“I’m not sure I have to do work that addresses the pandemic” “More than silence, it asks us to speak in whispers to calm the shrieks of society”
Jaume Plensa is very upset with Barcelona. “I don’t feel she’s mine. She’s going through a period of self-denial, as if she has lost interest in herself. I’m lucky to live in Sant Just Desvern, that saves me,” said the sculptor last month at the Senda Gallery, where he is exhibiting a set of sculptures and drawings until February 6.
This same venue on Barcelona’s Carrer Trafalgar organised an exhibition for Plensa in 2016, which saw his reappearance after being absent from Barcelona for many years. “We did a bit of testing to see if people remembered me,” jokes Plensa, but with a humour that exudes the strained relationship he maintains with the city where he was born in 1955.
A year after that exhibition, in 2017, Barcelona’s Museum of Contemporary Art, Macba, took on the first revision of his work two decades after the first one devoted to him by the Miró Foundation. “I think it was the most visited exhibition in the 25-year history of the Macba,” he says. In fact, it received more than 150,000 visitors and there were even queues in Plaça dels Àngels, which was unheard for this museum. But was he really happy about it? The gallery owner, Carlos Duran, gives us the answer: “The conclusion we drew from this is the public’s unanimous desire to see an exhibition by Plensa.” Not wanting to delve further into it, the artist simply says he “completely agrees”.
Plensa has had many disagreements over the years, one of the most frustrating being the cancellation of his public sculpture project on the beach at Barceloneta. The work was commissioned by former mayor Xavier Trias. The model was ready, but the next mayor, Ada Colau, ruled it out straight away and it has never been discussed again. The piece was to be more than 50 metres high, almost as tall as the Columbus monument.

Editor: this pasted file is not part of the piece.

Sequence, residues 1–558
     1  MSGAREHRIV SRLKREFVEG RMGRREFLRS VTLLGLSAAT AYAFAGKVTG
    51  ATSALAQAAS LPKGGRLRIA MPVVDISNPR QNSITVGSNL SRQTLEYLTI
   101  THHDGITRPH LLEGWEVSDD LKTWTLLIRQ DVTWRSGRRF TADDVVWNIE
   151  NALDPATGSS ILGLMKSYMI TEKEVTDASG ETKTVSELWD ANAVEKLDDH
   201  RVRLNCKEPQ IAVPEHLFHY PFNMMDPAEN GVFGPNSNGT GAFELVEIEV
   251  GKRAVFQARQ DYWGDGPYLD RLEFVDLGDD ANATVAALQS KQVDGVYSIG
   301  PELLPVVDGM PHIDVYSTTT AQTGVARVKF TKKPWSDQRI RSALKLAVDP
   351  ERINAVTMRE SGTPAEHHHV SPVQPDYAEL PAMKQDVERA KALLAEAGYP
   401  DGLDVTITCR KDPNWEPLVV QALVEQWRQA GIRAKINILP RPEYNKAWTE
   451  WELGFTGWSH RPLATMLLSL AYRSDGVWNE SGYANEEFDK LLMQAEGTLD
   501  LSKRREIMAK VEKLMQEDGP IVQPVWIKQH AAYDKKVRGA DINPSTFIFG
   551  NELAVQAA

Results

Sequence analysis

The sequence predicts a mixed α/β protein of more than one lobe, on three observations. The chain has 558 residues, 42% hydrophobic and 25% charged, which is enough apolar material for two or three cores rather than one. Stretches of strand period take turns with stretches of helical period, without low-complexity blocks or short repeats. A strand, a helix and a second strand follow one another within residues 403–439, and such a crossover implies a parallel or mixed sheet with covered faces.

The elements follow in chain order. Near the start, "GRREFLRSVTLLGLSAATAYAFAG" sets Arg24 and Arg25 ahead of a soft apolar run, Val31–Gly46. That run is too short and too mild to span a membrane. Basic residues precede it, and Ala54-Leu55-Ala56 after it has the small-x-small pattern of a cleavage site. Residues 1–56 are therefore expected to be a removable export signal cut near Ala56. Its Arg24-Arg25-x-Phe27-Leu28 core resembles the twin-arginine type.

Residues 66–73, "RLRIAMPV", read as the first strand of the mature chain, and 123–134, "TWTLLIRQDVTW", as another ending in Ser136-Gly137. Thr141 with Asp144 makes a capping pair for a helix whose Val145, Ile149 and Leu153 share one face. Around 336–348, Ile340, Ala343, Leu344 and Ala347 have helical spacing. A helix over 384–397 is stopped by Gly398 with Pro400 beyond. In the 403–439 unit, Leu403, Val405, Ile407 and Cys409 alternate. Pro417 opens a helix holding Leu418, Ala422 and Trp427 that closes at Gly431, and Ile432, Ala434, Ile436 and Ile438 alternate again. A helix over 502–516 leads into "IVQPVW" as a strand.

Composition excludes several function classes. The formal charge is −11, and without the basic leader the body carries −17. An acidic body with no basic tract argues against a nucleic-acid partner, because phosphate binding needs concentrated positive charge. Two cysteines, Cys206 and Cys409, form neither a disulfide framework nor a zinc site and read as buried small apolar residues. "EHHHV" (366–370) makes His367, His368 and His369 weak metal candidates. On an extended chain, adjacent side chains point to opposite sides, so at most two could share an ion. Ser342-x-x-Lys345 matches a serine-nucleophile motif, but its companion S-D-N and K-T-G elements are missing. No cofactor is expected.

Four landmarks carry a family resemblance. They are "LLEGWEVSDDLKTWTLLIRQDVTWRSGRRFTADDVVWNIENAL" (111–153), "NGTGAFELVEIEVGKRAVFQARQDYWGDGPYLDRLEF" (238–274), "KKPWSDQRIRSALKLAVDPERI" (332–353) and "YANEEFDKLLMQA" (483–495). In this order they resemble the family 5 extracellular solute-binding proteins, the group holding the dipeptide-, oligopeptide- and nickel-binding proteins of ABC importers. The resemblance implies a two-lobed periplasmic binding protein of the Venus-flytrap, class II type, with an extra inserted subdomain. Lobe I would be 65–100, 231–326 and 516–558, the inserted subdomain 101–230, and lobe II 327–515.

The disdain for Plensa from his native city is not replicated in other parts of the world. He is now busy with a 22-metre work, one of his iconic head sculptures, which will be erected in New Jersey, on a pier on the Hudson River. “It will be a tribute to water,” he says. In fact, it should have been unveiled in October, but the coronavirus crisis has postponed that until April.
How has the pandemic affected his work? “It hasn’t changed me as an artist at all. I’m not sure I have to do work that addresses the pandemic, I have to think about my work as I see it, which is trying to include a very deep humanistic content that also embraces the pandemic. The pandemic is one more experience. Art has to transcend your time, it can’t be the journalism of the day.” Plensa cites the Senda Gallery exhibition as an example because, although it brings together pieces created before the crisis, “they were conceived with a desire for looking inwards.” “If anything positive has come out of this pandemic, it’s that it’s created the feeling of looking inwards. We have internalised ourselves a lot,” he adds.
The artist sees the exhibition as “a song to silence”. He describes a constant in his work as “the literal fabrication of silence to be able to hear the vibration of your own body and your thoughts. If you don’t know yourself, it’s very difficult for you to get to know others.” The centrepiece, Minna’s words, explicitly implores silence with her finger over her lips. “More than silence, it asks us to speak in whispers to calm the shrieks of today’s society. I don’t think we need to shout more to fight the scream. That’s a mistake. We need to create the silence needed to hear our little voices.” There are two other sculptures, the stylised Laura Asia, born from a pine, and the Invisible Ana, made of mesh, which “helps us understand what we are like inside”. Prices range from 370,000 to 430,000 euros. On the walls of the gallery are a group of drawings (30,000 euros) of sculptural projects in which the artist once again favours transparency: “they are like ghosts embracing the air.” “All of these works talk about what I’m like. And they represent us all,” he remarks.